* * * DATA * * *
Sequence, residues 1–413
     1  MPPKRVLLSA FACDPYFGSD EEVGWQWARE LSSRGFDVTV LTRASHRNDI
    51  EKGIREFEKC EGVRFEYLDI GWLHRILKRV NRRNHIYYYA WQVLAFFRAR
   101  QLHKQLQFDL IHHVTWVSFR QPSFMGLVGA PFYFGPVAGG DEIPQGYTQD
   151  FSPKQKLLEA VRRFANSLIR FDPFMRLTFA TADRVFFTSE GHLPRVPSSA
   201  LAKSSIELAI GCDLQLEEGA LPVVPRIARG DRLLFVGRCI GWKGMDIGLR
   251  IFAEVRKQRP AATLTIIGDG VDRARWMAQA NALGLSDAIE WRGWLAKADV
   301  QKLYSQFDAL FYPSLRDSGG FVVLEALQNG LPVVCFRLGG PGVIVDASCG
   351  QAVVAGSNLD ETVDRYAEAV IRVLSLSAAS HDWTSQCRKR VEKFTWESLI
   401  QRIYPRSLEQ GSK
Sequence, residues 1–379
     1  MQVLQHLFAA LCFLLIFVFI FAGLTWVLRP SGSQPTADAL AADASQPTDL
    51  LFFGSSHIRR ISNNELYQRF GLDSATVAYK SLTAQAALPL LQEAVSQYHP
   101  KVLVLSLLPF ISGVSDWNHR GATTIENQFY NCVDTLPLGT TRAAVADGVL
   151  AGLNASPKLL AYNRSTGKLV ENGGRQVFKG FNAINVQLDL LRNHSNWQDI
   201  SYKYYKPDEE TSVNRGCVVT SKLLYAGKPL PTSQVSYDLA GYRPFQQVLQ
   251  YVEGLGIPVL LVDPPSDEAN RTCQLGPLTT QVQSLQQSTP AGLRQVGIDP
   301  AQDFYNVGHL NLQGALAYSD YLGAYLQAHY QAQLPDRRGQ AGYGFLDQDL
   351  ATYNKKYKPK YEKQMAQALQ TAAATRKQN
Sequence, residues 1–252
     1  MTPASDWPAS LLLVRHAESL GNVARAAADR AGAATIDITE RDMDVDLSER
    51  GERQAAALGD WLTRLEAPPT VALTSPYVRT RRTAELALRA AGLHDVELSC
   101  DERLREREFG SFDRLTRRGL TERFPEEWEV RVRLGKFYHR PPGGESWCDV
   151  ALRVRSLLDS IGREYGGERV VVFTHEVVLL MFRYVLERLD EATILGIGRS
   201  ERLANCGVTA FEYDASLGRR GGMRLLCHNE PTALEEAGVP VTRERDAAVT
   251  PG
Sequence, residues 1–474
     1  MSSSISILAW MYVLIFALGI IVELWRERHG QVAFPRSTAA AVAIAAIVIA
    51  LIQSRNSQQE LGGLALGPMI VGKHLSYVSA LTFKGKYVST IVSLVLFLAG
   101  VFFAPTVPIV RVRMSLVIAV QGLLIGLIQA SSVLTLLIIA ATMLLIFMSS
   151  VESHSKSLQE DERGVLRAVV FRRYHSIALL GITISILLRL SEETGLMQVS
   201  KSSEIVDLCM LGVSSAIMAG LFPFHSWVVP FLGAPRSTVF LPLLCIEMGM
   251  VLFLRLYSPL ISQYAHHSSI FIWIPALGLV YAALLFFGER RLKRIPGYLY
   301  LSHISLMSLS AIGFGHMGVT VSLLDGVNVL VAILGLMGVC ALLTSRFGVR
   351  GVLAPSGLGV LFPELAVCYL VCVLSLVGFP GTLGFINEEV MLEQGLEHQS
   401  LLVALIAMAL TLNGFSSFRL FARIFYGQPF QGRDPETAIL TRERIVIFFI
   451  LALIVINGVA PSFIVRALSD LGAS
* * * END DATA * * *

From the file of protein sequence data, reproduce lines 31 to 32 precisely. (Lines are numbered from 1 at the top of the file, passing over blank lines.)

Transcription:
   151  VESHSKSLQE DERGVLRAVV FRRYHSIALL GITISILLRL SEETGLMQVS
   201  KSSEIVDLCM LGVSSAIMAG LFPFHSWVVP FLGAPRSTVF LPLLCIEMGM